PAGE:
"I had to spend the surpluses. Deficits make it easier to say no."

And before the right starts saying, “It doesn’t matter how we got here; it only matters what we do about it now,” that’s nonsense. Accountability matters. Credibility matters. Responsibility matters. When those who screw up deliberately and then demand that they alone know what they’re talking about, it matters.

I recall thinking, early in the Bush presidency, that it seemed like the federal budget was being blown on purpose. It was hard to imagine how that wasn’t the case: the massive tax cuts, the ballooning waste, surely no one could be that irresponsible.

And yet, irresponsibility was ultimately an easier explanation than believing some paranoid story that Republicans were deliberately trying to bankrupt the country. Sure, that fit with the pledge that most GOP Congressmen had made to Grover “drown it in a bathtub” Norquist, but it was too cynical even for me.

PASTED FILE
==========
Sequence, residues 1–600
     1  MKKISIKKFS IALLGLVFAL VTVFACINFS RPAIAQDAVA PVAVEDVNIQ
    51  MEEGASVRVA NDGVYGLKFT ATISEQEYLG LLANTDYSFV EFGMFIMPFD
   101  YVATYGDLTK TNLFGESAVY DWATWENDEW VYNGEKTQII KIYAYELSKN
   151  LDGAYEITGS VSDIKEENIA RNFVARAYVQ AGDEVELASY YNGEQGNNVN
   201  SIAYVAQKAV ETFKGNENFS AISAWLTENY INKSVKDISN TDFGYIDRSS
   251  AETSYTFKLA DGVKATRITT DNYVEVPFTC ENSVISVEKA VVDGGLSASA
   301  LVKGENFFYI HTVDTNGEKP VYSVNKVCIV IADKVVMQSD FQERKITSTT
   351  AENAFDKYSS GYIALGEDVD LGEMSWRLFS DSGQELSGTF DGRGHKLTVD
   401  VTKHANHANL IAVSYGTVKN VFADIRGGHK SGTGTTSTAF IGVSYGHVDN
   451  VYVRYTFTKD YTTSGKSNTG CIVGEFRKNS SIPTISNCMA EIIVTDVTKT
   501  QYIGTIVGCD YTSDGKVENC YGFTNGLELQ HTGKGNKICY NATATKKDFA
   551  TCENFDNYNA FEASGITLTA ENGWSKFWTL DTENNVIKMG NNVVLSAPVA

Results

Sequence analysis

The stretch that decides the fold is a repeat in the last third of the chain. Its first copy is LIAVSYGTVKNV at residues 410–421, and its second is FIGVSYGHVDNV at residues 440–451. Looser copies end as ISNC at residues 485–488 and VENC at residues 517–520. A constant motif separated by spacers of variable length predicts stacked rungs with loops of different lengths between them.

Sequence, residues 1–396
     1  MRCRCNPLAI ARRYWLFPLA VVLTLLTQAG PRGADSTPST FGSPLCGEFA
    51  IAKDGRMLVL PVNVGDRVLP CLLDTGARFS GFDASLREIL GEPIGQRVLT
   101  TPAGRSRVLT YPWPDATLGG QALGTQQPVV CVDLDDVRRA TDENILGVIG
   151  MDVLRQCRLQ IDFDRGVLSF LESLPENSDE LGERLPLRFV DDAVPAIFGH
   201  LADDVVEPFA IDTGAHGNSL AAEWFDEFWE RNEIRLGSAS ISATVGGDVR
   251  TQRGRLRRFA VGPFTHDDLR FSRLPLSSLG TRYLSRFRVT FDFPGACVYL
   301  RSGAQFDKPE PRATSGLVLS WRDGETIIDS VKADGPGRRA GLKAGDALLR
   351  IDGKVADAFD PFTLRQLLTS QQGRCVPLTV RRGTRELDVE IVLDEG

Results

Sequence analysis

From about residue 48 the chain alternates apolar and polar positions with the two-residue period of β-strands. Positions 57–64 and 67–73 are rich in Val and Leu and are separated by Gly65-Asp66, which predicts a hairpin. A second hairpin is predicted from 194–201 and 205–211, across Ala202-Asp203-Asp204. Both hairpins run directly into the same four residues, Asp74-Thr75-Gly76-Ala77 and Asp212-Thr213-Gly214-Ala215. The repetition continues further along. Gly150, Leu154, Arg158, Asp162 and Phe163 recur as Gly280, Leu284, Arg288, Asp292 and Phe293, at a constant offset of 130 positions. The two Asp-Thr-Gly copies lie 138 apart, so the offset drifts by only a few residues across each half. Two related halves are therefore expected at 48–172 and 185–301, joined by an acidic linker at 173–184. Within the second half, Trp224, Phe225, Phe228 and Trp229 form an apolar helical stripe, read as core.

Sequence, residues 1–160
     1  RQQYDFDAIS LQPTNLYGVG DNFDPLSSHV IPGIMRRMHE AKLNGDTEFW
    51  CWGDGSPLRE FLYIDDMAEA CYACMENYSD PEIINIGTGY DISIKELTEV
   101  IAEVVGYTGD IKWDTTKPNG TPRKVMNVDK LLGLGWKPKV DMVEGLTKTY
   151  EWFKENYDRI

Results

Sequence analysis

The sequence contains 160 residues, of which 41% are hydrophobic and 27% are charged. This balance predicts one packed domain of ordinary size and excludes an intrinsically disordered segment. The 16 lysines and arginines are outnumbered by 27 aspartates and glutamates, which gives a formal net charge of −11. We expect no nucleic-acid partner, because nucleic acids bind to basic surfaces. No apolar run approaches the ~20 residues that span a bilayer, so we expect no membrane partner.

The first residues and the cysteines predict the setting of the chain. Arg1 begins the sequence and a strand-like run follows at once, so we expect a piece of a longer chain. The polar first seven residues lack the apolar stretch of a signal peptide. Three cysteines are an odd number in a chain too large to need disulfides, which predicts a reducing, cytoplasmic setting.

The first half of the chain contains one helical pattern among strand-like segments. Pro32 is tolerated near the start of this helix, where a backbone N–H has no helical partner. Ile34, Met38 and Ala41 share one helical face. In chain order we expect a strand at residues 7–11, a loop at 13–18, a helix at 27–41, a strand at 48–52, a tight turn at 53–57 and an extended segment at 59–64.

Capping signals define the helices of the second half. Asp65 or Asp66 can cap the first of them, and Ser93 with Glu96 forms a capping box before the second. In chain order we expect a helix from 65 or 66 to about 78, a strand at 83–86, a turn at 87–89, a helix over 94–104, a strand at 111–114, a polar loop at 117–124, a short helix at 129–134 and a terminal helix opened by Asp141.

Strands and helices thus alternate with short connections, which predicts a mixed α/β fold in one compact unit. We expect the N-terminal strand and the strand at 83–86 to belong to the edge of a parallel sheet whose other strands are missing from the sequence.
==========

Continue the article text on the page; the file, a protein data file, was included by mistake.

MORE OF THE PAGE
After reading this article I’m starting to believe it once again. I don’t think the GOP has any intention of raising the debt ceiling. The constitutional requirement that we pay our debts may guarantee that our domestic commitments will be cut. Ultimately this may be the plan: raise the deficit so high that all revenues must go to interest payments when the debt celling isn’t raised, meaning the US can’t meet it’s internal needs, and must slash the programs that the GOP has fought against for years.

Sounds paranoid. But I can’t think of any other plan that the Republicans could be following, based on what they’ve said and done for the past ten years.

—jron

There’s another infamous shooting of a nine-year-old girl that is making headlines this week in Tucson. This time, we wonder if the rest of the media will bother to cover it.

David Neiwert, reporting on the murder of Brisenia Flores and her father, by an extreme right-wing offshoot of the Minutemen.